The beach where the Navarro River meets the Pacific ocean hides its wealth.
A muddy parking lot hosts few vehicles on a January Saturday. The half mile road out from highway One that leads north from the San Francisco Bay area is a mostly-paved narrow path threatened by overgrown undergrowth below the eucalyptus … it is driven only by the kind of people who ignore multiple “ROAD CLOSED” signs.
Their cars, mostly four-wheel drive and not-anywhere close to new, stand askew, disregarding any parking markers that may have been installed. Recent high waves leave the sand and gravel smooth almost up to the giant logs moved by bulldozers to delineate the parking area.
A flock of rocks guards the sliver of beach across the river, smooth and all pointed southeast, lolling at the water’s edge. When my aged chocolate lab/Chessie cross perks up her ears and considers placing a foot in the water, two of the rocks turn into seals and splash into the river. One of them barks. My dog is silent and steps back.
My cousin, Christian, and I stumble across the sand along the newest high water mark where fresh detritus forms a line of inquiry along the sand. I reach to pick up an object so shiny and colorful I cannot imagine that it arrived here otherhow than having been dropped by a rich person.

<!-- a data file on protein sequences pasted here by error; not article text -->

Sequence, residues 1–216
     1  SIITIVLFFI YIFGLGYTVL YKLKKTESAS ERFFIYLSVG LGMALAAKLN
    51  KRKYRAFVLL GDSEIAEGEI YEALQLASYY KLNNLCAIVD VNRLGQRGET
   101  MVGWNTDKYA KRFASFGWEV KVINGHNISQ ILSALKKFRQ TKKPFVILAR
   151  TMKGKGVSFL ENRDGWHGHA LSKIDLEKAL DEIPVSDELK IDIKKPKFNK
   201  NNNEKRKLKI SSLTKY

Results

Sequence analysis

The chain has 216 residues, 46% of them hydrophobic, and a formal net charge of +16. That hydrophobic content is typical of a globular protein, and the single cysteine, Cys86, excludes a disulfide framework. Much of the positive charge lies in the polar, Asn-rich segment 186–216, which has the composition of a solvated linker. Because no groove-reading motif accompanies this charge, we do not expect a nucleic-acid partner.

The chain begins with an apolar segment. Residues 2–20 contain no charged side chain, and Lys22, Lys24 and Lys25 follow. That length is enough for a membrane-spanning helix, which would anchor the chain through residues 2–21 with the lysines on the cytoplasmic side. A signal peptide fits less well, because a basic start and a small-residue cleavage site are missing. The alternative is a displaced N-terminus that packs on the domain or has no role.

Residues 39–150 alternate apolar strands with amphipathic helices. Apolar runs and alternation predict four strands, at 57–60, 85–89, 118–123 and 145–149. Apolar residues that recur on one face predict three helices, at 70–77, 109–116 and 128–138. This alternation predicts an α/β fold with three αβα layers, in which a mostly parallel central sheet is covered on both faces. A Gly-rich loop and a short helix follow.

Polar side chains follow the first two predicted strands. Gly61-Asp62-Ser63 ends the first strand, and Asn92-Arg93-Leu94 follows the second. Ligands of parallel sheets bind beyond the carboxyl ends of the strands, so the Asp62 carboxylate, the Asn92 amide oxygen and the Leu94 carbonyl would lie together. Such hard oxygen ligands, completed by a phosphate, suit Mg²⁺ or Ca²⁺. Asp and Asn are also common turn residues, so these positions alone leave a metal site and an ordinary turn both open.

But it is a remnant of abalone honed into a shape a sad person might say is a worried face, another might say is a wary wolflike beast. I turn it over to gauge its rainbow before pocketing it.
Soon my pocket droops with pebbles, small pieces of worn wood, a green triangle of bottle glass.
Christian squats on a log and I click a picture with my phone. His eyes are closed just for that long. When we get to the Buckhorn bar, the only place in Boonville still open for lunch at 3 p.m., I look at the pictures I’ve snapped of him leaping from one log to another. Eyes are closed. Christian reaching to pet the dog, eyes closed. Christian turning toward the seals? yup, eyes closed.
It’s amazing how much we saw, really.